How to Take Criticism From Your Editor — and Learn From It
Peter Panda

I’m an editor. My job, basically, is to correct people (or, more accurately, their writing). People, generally speaking, don’t like being corrected. I don’t do my job to be an asshole. As a matter of fact, I like my job for exactly the opposite reason. I like to help people.

Editing is a behind-the-scenes activity that very few people actually know about (or care about, if I’m being honest). The point of editing is to make sure the writer communicates clearly in a way that comes across as knowledgeable and competent. And, as an editor, I have a duty, both to the writer and to the audience, to make sure the work is as good as it can be, both in terms of grammar and content.

I will never be the asshole who corrects someone’s grammar on a random Facebook post, even if said grammatical lapses leave me twitching for weeks. (I can’t say I have similar levels of restraint when I see factually inaccurate posts on the Internet, though.) But when I’m editing for work, I’m just doing my job. And my job is to help make sure you, the writer, succeed.

I can’t say for certain, but I’m pretty sure your editor doesn’t want to hurt you or your work. They’re probably upset that you think they do, actually. If you’re struggling to connect with your editor, I have a few tips for you.

  1. Don’t assume that competent writers don’t need editors.

    Every writer needs an editor. Heck, even I, as an editor, need an editor when I write something. Assuming that a competent writer doesn’t need an editor just sets you up to feel attacked and puts you on the defensive when your editor does have any suggestions for you.

  2. Give your editor a realistic idea of what’s expected of them from the beginning.

    I’ve gone into assignments before without having enough details on what type of editing I’m supposed to be doing. Be realistic about it. I do my best to suss out background details on the story, but sometimes, I have to guess (or, if there’s time, ask for more clarification). Sometimes, the type of editing requested doesn’t match the type of editing required. And that’s normally when I piss someone off.

  3. Don’t look to your editor for validation.

    You’ve got to have a certain level of faith in your writing. Know that your editor isn’t there to validate you and give you a golden star. Your editor is there to make sure your readers give you the golden star (or, more precisely, the like and/or share).

  4. Ask for clarification.

    If your editor puts in a suggestion that you don’t agree with or you can’t see where it came from, ask. They probably have a reason for suggesting it. You might learn a handy bit of editing knowledge, or you might be able to explain your side and come to an agreement. If you’re not sure why there’s a difference in opinion, there’s really only one way to find out.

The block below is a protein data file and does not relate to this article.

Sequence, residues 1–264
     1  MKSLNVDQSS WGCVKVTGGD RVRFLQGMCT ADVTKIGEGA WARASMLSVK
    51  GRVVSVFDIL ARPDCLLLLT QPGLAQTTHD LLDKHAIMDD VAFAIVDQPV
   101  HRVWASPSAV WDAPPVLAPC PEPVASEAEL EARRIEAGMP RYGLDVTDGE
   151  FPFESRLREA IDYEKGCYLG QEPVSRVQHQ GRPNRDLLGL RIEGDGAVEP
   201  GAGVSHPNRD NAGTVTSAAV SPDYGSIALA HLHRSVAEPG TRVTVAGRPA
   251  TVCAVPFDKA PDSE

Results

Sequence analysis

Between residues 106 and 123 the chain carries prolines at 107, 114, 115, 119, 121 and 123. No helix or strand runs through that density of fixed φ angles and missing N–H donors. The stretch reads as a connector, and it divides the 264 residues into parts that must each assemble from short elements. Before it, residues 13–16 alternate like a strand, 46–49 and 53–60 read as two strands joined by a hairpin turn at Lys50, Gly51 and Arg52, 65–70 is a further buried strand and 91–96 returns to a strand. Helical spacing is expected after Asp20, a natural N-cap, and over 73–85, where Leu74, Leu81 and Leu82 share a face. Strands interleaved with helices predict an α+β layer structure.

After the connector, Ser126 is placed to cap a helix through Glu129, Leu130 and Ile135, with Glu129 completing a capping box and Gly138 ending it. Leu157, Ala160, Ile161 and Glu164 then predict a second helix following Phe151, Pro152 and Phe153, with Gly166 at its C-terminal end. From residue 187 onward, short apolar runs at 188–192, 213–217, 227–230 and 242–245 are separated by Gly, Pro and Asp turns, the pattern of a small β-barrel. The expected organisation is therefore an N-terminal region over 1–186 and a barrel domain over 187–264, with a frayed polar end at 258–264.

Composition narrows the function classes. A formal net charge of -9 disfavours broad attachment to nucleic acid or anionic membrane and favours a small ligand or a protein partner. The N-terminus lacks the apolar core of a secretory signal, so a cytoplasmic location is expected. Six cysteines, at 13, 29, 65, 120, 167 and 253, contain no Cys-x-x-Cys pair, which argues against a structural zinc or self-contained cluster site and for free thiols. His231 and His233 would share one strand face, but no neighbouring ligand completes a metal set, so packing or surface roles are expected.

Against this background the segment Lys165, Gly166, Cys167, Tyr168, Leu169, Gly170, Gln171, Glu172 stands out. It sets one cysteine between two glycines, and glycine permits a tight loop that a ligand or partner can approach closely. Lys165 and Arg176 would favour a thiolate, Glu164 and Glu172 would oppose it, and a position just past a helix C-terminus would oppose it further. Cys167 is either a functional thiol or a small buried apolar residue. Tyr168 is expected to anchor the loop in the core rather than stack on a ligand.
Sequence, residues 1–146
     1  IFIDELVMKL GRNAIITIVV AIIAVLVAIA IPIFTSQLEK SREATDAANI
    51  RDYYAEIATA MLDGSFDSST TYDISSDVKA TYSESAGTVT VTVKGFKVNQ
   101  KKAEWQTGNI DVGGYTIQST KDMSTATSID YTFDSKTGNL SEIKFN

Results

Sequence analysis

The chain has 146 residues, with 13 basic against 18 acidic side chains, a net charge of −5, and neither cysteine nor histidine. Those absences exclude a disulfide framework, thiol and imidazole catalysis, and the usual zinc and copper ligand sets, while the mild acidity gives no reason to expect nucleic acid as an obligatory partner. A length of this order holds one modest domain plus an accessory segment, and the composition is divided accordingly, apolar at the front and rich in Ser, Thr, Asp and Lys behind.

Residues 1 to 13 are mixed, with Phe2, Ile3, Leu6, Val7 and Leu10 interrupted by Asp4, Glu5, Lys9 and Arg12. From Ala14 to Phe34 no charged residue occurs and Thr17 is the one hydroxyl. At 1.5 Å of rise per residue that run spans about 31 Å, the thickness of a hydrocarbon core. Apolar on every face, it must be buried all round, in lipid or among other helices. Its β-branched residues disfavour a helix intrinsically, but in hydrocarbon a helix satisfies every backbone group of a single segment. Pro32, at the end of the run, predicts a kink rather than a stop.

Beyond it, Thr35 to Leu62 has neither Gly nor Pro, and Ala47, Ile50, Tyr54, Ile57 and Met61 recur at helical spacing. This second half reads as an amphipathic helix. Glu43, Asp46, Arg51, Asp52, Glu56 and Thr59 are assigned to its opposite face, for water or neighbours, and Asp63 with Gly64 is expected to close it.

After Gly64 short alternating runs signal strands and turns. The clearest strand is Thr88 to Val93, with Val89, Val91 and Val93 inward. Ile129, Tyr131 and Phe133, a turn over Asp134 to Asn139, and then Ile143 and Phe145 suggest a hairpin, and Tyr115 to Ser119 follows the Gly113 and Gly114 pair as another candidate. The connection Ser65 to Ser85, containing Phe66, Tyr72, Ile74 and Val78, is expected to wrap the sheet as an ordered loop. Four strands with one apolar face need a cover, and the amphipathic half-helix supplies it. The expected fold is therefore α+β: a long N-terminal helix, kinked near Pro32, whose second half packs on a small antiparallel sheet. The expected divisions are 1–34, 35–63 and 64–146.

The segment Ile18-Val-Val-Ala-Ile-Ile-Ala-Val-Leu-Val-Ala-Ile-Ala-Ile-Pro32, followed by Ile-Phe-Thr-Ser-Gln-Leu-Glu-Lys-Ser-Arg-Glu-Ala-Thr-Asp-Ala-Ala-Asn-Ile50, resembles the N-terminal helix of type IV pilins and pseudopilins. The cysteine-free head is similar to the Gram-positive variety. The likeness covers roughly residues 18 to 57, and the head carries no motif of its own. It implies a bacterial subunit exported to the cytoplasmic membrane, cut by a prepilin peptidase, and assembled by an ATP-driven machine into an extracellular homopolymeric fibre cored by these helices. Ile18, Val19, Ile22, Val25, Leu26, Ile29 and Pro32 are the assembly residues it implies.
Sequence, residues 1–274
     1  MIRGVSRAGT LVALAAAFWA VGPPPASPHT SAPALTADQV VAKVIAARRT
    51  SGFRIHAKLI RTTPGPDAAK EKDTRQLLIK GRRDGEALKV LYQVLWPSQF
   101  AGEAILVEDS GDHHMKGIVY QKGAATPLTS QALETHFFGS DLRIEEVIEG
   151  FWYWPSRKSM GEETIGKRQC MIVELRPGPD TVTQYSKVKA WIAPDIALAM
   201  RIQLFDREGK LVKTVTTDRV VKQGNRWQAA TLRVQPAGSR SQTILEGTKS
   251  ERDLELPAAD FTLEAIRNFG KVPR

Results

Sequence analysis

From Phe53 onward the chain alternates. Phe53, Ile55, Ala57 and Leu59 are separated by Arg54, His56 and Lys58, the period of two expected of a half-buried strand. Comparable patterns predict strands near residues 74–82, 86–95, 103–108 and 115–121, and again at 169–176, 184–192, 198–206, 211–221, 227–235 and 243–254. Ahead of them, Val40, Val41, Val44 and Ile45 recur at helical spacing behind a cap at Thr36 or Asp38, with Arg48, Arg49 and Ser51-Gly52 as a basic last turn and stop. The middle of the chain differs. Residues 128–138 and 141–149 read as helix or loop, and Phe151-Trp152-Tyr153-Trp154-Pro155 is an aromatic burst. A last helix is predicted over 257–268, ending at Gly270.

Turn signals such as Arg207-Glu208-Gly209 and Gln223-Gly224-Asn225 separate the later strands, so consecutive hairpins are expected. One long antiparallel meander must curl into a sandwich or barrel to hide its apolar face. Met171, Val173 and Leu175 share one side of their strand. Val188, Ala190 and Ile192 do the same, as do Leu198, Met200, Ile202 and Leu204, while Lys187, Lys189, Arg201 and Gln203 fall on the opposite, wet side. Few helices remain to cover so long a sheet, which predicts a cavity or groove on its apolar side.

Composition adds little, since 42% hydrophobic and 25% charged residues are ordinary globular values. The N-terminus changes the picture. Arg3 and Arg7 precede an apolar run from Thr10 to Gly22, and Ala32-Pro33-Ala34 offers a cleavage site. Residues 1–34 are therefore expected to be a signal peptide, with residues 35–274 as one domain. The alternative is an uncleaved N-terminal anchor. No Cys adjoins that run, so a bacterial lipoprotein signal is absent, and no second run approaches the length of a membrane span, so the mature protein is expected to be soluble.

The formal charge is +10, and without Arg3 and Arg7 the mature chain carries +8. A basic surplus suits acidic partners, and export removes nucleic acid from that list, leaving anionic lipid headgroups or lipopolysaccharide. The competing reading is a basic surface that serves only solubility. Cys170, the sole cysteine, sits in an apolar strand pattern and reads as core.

5. Know that you don’t have to accept every edit and agree on every suggestion.

    Your writing is probably something that’s pretty personal. I get it. And your editor most likely gets it, too. I like to have writers review and accept or deny my edits and suggestions on their own. It’s my way of trying to make sure they know they retain ownership over their words. I don’t expect you to accept every edit or rework your text based on my every suggestion (although I must admit to feeling a certain level of satisfaction when you do).

  6. Don’t get mad at your editor.

    Just to reiterate, your editor’s job is to help make you look good. They’re not there to attack you. So why get mad at someone who’s trying to help you? Sometimes, it can be hard to face criticism, even if it is constructive. Take a step back. Write an angry e-mail that you’ll never send. Take a shower. Vent to a friend. Wait a while to respond. But don’t snap at your editor. That’s just mean.

Having a better working relationship with your editor will help you produce better content. You’ll be able to collaborate together more effectively, and as a result, you’ll end up with better ideas that are conveyed more clearly (without grammatical errors!).

Do you work with an editor? Are you struggling to establish a better working relationship? Is there something you wish your editor would do differently? Leave a note in the comments!


Peter Panda

Pioneering social media panda bear Tagawa “Peter” Panda was born on a Chinese game reserve in 1969. He emigrated to the United States in 1987 speaking no English, with only the fur on his back and $97 stored in a Jansport fanny-pack wrapped around his waist.

In 2003 while searching for food on the campus of Washington University, he discovered a computer lab where he would ultimately teach himself web development, graphic design, and immerse himself into the growing digital media evolution that was erupting at the time.

With his trademark surly demeanor developed during beatings on his boat ride from China to the U.S., as well as having a penchant for eating vast quantities of bamboo, and enjoying Scotch and cigars, Peter is broadly recognized for coining the phrase “social media” in 2004. He joined Elasticity in late 2009 as the agency’s director of social media strategy and wildlife relations. Friend him on Facebook here.

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